Lee Hasselbacher

Research Assistant Professor, University of Chicago
Chapter Member: Chicagoland SSN

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About Lee

Hasselbacher's research focuses on exploring implementation of reproductive health laws and policy, with the aim of improving health outcomes and reducing disparities. Overarching themes in Hasselbacher's writings include access to contraception and abortion, the role of health insurance, religious refusals in health care, and consent and confidentiality for young people. Hasselbacher contributes to state and national coalitions and working groups leveraging research to inform advocacy.


In the News

Guest on Reset/WBEZ Chicago, April 12, 2023.
Quoted by Alys Brooks in "Medical Students Can’t Provide Abortions If They Never Learn How," Rewire News Group, August 6, 2020.
Quoted by Kristen Thometz in "Report: Patients Misdiagnosed in Catholic Hospitals to Get Contraception," WTTW, December 13, 2019.
Quoted by Amy Littlefield in "Catholic Ban on Contraception Is Driving Doctors to Fabricate Diagnoses," Truthout, December 5, 2019.
Quoted by Alys Brooks in "In Illinois, Struggles Putting Pro-Choice Legislation Into Action," Rewire News Group, November 21, 2019.


"Beyond Hobby Lobby: Employer’s Responsibilities and Opportunities To Improve Network Access to Reproductive Healthcare for Employees" (with Debra Stulberg, Lori Freedman, Erin Wingo, Alexis Cacioppo, and Ashley McHugh). Contraception X 4 (2022).

Suggests large employers have leverage to improve access to reproductive health services and providers. Argues that large employers could pressure insurance carriers to address network gaps in access to care resulting from religious restrictions.

"Lessons Learned: Illinois Providers’ Perspectives on Implementation of Medicaid Coverage for Abortion" (with Carmela Zuniga, Aalap Bommaraju, Terri-Ann Thompson, and Debra Stulberg). Contraception 103, no. 6 (2021): 414-419.

Implements Medicaid coverage for abortion requires proactive and responsive state institutions, streamlined reimbursement processes, and adequate reimbursement rates. Shows how in Illinois, successful implementation depended on clinic adaptability, external support, and advocacy.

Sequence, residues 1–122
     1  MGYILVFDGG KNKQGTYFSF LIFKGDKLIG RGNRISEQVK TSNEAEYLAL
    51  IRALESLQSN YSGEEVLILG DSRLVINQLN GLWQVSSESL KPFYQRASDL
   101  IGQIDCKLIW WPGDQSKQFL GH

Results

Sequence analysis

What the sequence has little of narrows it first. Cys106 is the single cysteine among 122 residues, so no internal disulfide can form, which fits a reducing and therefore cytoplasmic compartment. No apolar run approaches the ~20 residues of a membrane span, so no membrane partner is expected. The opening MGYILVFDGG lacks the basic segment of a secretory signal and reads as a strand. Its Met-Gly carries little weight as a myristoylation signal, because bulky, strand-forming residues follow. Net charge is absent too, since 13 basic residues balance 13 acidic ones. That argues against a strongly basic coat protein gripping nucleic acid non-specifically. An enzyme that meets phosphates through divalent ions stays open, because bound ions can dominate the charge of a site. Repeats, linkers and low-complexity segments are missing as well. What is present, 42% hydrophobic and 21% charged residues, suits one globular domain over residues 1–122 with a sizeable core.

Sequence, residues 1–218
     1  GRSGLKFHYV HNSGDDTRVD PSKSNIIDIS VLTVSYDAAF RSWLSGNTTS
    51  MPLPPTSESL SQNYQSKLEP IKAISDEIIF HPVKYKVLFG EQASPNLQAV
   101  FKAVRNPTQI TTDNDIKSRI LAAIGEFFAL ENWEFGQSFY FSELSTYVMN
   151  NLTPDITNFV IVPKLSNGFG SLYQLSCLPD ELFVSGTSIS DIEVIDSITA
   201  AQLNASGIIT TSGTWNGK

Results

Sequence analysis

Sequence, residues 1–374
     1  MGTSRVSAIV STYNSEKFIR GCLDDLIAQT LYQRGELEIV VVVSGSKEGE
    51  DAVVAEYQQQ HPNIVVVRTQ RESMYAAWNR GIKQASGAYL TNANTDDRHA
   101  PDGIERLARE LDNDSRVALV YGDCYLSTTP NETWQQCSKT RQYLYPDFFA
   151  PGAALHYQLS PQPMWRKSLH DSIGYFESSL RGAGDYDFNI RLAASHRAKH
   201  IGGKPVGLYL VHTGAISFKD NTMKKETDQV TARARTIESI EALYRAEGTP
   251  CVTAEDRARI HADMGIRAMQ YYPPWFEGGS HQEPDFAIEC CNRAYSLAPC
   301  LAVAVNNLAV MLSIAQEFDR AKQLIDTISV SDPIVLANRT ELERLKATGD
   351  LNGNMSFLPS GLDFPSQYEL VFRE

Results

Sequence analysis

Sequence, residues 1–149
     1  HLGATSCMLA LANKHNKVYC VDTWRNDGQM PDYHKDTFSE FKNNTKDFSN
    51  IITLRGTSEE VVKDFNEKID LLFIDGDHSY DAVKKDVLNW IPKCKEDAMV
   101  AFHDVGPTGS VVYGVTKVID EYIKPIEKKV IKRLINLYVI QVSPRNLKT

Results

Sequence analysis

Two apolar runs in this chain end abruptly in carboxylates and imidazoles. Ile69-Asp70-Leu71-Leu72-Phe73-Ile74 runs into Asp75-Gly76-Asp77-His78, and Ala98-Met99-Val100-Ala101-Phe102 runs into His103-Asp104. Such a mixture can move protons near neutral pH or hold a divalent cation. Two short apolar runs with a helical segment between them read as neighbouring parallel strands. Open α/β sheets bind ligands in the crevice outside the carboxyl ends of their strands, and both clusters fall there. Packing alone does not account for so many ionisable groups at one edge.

"“My Hands Are Tied”: Abortion Restrictions and Providers’ Experiences in Religious and Nonreligious Health Care Systems" (with Luciana Hebert, Debra Stulberg, and Yuan Liu). Perspectives on Sexual and Reproductive Health 52, no. 2 (2020): 107-115.

Presents that with pregnancy complications or seeking an abortion at Catholic and Protestant hospitals denials may be faced, delays encountered, and fewer treatment options may occur than they would at secular hospitals. Considers they may also experience financial obstacles and stigmatization as a result of restrictions.

"What You Don’t Know Can Hurt You: Patient and Provider Perspectives on Postpartum Contraceptive Care in Illinois Catholic Hospitals" (with Lori Freedman, Debra Stulberg, Zarina J. Wong, Lee Thompson, and Angel Boulware). Contraception 107 (2021): 62-67.

Examines hospital restrictions on postpartum contraception due to religious affiliation restrict access, cause unnecessary delays in care, and lead to misdiagnosis and marginalization of contraceptive care. Reviews that restrictions also cause moral distress to providers who balance career repercussions and professional integrity with patient needs.